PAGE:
A couple Saturdays ago I spent the afternoon in downtown Los Angeles at a book signing for John Scalzi. He’s a NYT best-selling author for Old Man’s War and several other fantastic scifi novels, including his latest one, Fuzzy Nation. Basically, he’s an experienced guy who ran an excellent book signing. I’ve been to a few other book signing/reading events—and they are, sadly, not always a blazing success.
So, let’s say you’ve done your promotion and your marketing and you’ve managed to gather a respectable crowd at your local Barnes and Noble. What do you do with them?
1. Audience participation
Get involved. Scalzi was chatting with all the early arrivals when I got there, funny stories about his travel or whatever. When he started the "real" bit, he asked us a lot of questions. Did we hear about this from his blog? Did we want to hear him read from his new novel, or his next, unpublished one? He let the audience vote on it, and he then he had us all swear secrecy for the excerpt from his new book.
Take away: Talk to the audience before you start; this is the best way to assuage nerves if you’re uncomfortable. Ask questions. Maybe do a poll on favorite genre, how they know you, favorite character (particularly if you have an Edward/Jacob setting), or maybe how far they drove to come. The people coming to a book signing want to feel known even if it’s only a small way.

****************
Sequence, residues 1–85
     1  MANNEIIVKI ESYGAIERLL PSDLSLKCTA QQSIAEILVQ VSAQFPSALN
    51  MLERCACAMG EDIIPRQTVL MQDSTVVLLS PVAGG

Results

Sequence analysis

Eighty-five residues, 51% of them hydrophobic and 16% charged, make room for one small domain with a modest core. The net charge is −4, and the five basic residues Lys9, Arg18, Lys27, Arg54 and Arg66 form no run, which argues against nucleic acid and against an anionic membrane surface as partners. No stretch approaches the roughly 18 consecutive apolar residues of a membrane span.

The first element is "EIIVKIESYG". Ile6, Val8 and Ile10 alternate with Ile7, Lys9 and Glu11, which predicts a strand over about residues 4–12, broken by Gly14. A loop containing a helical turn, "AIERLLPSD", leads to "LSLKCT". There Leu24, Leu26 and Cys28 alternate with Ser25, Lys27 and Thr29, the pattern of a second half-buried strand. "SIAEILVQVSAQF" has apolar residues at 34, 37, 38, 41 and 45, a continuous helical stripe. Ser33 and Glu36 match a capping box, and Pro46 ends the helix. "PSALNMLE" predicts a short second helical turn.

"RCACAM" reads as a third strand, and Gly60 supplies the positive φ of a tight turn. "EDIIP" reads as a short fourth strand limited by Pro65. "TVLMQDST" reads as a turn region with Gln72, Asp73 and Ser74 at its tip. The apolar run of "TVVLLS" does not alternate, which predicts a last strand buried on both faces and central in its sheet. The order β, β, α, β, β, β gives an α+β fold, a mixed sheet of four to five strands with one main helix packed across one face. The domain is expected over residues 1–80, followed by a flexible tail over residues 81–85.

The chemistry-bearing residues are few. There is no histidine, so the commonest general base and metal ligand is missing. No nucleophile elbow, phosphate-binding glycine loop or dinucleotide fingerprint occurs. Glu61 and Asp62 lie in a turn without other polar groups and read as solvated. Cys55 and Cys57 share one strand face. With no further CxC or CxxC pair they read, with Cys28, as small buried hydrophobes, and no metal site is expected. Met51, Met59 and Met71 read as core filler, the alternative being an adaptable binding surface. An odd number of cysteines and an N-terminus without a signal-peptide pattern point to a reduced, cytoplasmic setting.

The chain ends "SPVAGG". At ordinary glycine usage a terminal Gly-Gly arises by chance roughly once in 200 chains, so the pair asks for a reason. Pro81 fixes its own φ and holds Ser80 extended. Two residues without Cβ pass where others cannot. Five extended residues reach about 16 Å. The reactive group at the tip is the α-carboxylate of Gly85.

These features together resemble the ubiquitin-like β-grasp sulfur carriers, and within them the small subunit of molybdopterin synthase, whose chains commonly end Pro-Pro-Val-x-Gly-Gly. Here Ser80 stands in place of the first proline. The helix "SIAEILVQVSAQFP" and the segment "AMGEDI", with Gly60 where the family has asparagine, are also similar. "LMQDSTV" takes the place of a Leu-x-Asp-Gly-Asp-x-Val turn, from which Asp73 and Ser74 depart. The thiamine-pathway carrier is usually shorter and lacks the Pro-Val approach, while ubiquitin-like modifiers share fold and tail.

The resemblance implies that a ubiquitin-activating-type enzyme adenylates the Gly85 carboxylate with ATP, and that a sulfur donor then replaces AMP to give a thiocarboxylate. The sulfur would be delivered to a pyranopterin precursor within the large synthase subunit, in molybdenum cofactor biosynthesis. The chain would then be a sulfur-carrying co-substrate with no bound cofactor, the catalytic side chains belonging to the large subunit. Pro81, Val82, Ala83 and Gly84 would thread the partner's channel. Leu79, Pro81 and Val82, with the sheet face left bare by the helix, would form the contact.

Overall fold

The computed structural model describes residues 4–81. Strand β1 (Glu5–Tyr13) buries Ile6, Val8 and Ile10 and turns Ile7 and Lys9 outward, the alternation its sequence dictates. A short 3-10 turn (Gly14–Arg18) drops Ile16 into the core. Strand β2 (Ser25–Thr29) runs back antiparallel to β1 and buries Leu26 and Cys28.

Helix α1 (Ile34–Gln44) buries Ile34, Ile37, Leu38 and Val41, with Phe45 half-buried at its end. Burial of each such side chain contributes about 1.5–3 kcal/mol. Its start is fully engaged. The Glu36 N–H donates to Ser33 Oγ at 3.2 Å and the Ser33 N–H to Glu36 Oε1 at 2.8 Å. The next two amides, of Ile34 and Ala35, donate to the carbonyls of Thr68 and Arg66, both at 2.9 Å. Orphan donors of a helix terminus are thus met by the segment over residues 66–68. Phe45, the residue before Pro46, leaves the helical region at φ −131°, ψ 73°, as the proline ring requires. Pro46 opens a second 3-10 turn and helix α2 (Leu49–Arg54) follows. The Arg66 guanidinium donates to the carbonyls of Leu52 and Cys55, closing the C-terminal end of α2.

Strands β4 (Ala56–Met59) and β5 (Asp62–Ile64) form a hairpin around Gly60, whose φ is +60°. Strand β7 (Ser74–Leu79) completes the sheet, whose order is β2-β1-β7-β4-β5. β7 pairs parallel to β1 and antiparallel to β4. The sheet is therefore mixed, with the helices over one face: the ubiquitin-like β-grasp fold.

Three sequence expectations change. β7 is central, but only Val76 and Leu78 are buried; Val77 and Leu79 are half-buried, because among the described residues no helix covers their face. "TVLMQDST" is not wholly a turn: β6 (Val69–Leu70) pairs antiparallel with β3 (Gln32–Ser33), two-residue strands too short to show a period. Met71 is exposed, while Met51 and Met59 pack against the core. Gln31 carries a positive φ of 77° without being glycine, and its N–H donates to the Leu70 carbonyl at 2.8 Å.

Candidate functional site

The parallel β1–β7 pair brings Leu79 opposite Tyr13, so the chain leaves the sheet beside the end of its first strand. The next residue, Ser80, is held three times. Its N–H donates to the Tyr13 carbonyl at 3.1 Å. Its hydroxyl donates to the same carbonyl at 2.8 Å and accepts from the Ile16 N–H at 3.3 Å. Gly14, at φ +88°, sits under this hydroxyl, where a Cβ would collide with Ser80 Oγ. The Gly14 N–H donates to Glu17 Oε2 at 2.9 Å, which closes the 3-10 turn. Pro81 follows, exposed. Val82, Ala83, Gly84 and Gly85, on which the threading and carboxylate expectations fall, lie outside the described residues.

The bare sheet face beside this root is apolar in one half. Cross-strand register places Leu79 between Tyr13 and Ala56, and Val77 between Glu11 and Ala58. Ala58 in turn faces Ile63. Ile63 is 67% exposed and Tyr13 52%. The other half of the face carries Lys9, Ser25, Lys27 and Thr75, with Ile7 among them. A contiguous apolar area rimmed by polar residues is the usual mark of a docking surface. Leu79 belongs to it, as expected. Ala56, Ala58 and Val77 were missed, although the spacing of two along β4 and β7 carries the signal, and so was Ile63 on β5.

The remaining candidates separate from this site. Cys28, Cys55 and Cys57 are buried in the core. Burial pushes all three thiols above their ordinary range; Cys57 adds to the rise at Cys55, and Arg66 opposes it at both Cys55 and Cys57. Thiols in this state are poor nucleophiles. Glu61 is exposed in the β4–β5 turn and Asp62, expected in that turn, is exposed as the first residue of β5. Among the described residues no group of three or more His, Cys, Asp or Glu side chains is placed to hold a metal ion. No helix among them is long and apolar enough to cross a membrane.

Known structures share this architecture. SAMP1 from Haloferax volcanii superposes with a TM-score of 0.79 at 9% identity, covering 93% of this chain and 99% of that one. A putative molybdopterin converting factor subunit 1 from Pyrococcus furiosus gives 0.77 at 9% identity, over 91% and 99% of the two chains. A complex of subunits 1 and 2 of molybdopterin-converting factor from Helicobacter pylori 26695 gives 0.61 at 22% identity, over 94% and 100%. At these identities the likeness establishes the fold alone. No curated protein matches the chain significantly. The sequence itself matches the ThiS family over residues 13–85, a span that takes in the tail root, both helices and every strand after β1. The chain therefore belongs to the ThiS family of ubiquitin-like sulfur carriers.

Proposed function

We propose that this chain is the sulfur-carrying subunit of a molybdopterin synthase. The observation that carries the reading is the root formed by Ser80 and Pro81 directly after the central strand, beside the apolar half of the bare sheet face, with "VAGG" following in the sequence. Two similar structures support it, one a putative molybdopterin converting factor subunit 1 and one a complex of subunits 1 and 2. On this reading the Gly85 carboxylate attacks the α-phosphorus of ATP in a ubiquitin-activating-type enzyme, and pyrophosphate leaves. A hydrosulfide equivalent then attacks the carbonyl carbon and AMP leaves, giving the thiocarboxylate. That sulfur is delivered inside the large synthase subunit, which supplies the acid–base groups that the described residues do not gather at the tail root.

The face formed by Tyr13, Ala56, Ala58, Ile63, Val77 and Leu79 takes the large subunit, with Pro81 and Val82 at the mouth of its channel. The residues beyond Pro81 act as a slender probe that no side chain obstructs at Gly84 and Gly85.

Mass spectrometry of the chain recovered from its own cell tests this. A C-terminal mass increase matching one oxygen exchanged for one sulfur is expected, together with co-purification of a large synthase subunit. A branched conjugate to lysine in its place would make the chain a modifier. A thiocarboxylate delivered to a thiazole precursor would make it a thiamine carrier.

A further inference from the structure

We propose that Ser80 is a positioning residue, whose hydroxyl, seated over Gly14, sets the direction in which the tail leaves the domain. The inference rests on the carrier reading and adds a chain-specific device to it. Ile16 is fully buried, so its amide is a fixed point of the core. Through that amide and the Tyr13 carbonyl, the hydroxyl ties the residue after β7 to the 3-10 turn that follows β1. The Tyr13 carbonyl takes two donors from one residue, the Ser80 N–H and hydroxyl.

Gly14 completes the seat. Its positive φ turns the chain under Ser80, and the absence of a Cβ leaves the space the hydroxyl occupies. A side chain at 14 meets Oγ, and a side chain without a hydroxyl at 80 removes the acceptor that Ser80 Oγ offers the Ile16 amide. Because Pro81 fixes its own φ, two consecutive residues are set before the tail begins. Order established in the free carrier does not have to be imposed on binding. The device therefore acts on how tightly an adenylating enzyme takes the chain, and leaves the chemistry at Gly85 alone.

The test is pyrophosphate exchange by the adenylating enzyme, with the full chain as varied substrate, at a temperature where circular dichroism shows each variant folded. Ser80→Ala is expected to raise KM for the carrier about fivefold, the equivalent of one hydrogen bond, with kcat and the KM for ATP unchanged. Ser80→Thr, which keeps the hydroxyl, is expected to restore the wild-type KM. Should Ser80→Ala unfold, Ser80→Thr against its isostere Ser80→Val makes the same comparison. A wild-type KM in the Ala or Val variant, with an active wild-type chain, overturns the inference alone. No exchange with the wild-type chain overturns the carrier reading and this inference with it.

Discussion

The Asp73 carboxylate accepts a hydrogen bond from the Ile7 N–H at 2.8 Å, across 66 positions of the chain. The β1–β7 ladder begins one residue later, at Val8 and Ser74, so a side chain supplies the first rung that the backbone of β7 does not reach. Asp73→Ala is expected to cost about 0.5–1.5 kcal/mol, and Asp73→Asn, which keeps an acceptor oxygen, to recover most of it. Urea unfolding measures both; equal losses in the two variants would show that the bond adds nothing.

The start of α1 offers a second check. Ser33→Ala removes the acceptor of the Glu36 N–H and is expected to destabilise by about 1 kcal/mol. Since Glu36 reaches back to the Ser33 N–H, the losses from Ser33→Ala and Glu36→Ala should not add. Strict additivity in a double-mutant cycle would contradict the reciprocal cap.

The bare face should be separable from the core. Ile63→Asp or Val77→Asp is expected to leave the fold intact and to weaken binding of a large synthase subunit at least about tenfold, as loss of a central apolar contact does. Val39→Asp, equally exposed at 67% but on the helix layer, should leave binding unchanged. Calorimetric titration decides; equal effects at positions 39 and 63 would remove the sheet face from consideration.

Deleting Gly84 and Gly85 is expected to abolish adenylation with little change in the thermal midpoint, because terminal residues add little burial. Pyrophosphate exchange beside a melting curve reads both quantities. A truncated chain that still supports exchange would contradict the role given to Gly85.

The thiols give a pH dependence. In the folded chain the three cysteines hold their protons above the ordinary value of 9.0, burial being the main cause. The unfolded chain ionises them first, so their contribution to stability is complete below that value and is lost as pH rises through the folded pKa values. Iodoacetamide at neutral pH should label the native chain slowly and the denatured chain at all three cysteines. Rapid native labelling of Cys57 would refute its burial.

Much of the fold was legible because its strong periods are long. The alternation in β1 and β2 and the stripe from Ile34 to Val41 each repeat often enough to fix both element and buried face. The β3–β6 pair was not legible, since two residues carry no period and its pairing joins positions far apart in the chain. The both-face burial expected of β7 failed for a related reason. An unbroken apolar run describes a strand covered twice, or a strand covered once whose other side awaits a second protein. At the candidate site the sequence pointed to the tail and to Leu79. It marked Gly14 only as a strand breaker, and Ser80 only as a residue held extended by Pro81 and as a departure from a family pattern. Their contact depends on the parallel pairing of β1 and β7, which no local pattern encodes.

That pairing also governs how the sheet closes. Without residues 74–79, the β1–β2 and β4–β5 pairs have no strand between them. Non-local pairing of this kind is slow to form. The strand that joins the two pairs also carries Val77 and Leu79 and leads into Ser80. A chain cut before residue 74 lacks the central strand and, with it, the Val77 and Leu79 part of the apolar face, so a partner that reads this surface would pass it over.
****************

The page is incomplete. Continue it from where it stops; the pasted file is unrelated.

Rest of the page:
2. Elite status
Make the audience feel privileged. Signing books is only part of it. By coming to your book signing, they’ve formed a tenuous relationship with you, and inside information is a great way to cement the feeling of that relationship. Scalzi read from his novel that will be released in 2012.
You might not have another book contract, but you can still give inside information. If you might (possibly) be doing a sequel, give some clues about it. If you have nothing in the future (hopefully not!), give some insight into how this story came about. If the main character is based on your dog, or started as a ghost and turned into a vampire—talk about that.
3. Question control
A Q&A session is great for audience involvement, but you have to be on top of it. Scalzi told us up front that some questions he couldn’t answer (for legal reasons), and he didn’t hesitate to say, “Nope, that’s all I have to say about that,” on a couple questions that were off topic.
Some questions will be off the wall—only glancingly related to you or your book, or even inappropriate. A short answer is good, but don’t let them hijack the session with questions of no interest to anyone else. The rest of your audience will appreciate it.
Do funny. Okay, so a lot of us don’t have great comedic timing or fantastic impersonations or anything like that. But you don’t have to. Scalzi read the first few sentences from a prologue he spoofed on April Fool’s Day; the writing was hysterically awful and over the top.
Maybe you’re not into spoofs, but most of us authors have some pretty hysterical rough drafts and drawer manuscripts. Dig one out (an old one that doesn’t grieve you anymore), and find a section to give your audience. If you read from your current book, don’t be afraid to spice it up. Dramatic pauses, voices, gasps—whatever fits. They’re ready to be entertained, so be brave. Collect some anecdotes from your travel or tour and have them ready. Self-deprecating humor is always a safe bet, too.
Getting people to your book signing is fantastic, making them tell all their friends about it is even better. Have fun!